Patterns of racism keep transforming over time and a more universal definition of racism is "Prejudice or discrimination by one group toward others perceived as a different 'race', plus the power to enforce it." Groups of students may be almost identical physiologically, yet be divided against each other on the basis of culture, language, religion, nationality, or any combination of the above which is not an uncommon experience in schools. Teachers tend to pay more attention to "white" students in the group because subconsciously they relate "white" to etiquette, opulence and high society even though it might not always be true. Prolonged influence of racialised opinions from families and society in general results in preconceived notion which shows up as an attitudinal bias.
Whatever the roots of racism may be, it tends to perpetuate itself. A group of students are defined as "lesser" and denied access to resources, then the results of such denial is used to justify defining them as "lesser." "Racism" is never shrugged off. For example, when a White Georgetown Law School student reported earlier this year that black students are not as qualified as White students, it set off a booming, national controversy about "racism." The dogma has logical consequences that are profoundly important. If blacks, for example, are equal to Whites in every way, what accounts for their poverty, criminality, and dissipation Since any theory of racial differences has been outlawed, the only possible explanation for black failure is White racism. And since blacks are markedly poor, crime-prone, and dissipated, the global society must be racked with pervasive racism because nothing else could be keeping them in such an abject state.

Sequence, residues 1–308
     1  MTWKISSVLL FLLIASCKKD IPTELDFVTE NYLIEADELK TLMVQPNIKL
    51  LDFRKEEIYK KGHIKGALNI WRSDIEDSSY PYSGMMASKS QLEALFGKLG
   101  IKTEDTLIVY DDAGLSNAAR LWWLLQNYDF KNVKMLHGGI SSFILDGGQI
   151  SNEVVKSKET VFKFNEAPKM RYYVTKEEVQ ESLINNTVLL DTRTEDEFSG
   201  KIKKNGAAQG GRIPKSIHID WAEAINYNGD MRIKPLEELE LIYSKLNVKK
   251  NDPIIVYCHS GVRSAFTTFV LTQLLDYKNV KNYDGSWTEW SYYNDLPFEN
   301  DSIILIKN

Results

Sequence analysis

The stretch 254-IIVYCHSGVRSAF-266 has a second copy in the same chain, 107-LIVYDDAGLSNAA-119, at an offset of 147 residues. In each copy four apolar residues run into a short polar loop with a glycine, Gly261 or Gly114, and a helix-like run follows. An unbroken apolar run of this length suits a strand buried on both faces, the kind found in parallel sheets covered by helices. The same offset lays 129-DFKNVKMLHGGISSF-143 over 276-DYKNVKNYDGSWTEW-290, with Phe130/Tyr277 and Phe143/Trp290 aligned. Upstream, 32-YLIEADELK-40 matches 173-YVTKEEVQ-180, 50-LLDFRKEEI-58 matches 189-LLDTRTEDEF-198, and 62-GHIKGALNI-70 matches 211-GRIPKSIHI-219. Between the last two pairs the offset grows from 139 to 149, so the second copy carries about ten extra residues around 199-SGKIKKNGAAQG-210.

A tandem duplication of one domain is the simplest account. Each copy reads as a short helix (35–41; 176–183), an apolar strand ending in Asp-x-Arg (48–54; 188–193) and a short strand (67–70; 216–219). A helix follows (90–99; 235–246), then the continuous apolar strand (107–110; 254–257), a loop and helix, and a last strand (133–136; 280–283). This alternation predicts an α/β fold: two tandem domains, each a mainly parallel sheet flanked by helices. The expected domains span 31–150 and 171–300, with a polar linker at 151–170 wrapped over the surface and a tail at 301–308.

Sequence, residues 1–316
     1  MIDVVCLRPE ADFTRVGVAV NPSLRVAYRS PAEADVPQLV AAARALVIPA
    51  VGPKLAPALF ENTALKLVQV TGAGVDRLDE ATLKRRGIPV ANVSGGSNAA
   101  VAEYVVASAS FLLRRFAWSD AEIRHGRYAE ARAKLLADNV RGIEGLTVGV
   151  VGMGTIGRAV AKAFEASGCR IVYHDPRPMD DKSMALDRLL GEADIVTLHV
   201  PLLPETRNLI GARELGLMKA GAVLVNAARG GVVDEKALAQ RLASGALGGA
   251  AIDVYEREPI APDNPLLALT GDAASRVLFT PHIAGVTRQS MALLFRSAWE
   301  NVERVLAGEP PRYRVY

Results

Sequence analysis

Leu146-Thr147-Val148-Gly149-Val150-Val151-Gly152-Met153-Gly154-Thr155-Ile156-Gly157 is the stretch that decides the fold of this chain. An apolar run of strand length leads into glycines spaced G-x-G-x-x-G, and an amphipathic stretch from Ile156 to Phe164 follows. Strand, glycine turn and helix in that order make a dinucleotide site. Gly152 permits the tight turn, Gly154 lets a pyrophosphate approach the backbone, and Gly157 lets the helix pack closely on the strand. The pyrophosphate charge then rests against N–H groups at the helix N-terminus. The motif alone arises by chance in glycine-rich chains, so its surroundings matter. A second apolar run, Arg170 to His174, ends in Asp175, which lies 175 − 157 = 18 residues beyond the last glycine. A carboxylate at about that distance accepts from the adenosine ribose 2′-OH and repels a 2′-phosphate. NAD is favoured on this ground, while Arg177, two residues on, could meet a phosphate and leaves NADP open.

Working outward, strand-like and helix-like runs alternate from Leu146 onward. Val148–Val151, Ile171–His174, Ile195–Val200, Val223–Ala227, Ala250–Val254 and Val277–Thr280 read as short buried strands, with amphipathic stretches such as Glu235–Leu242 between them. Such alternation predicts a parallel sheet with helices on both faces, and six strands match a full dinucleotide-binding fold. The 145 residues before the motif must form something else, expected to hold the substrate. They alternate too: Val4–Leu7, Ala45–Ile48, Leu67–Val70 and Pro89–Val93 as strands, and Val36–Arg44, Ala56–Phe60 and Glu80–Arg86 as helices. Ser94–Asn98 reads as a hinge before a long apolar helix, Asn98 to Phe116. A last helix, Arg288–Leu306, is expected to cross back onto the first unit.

Racialisation is not a natural concept, rather it was born and perpetuated within the society and the feeling of "color-bias" has been passing over along with genetic material over the generations ever-since. It is argued by socio-biologists and some schools of psychoanalysis that our instincts are programmed to hate those different to us by evolutionary and developmental mechanisms. As the world is turning into a global village, the inter-mixing of cultures is inevitable; hence, the population of children with a mixed ethnicity is on a rise. Racial identity becomes more a matter of concern than it was ever before and the new generation is not paranoid about accepting and even experimenting with different cultural factors like language, food, music and attire. This has been aptly demonstrated in Helen Wullff's research ( South London, 1980) on inter-racial friendships in which a group of teenage girls from different and mixed cultural backgrounds were observed for relationships and peer acceptance and bonding.
On the other hand, any scan of urban or suburban school districts and classrooms will demonstrate that students are still kept unequal along racialized lines; private conversations between teachers, administrators or students clearly demonstrate that race does still factor in to how people treat, fear and relate to each other. It is virtually impossible to fix racial inequality and improve race relations without talking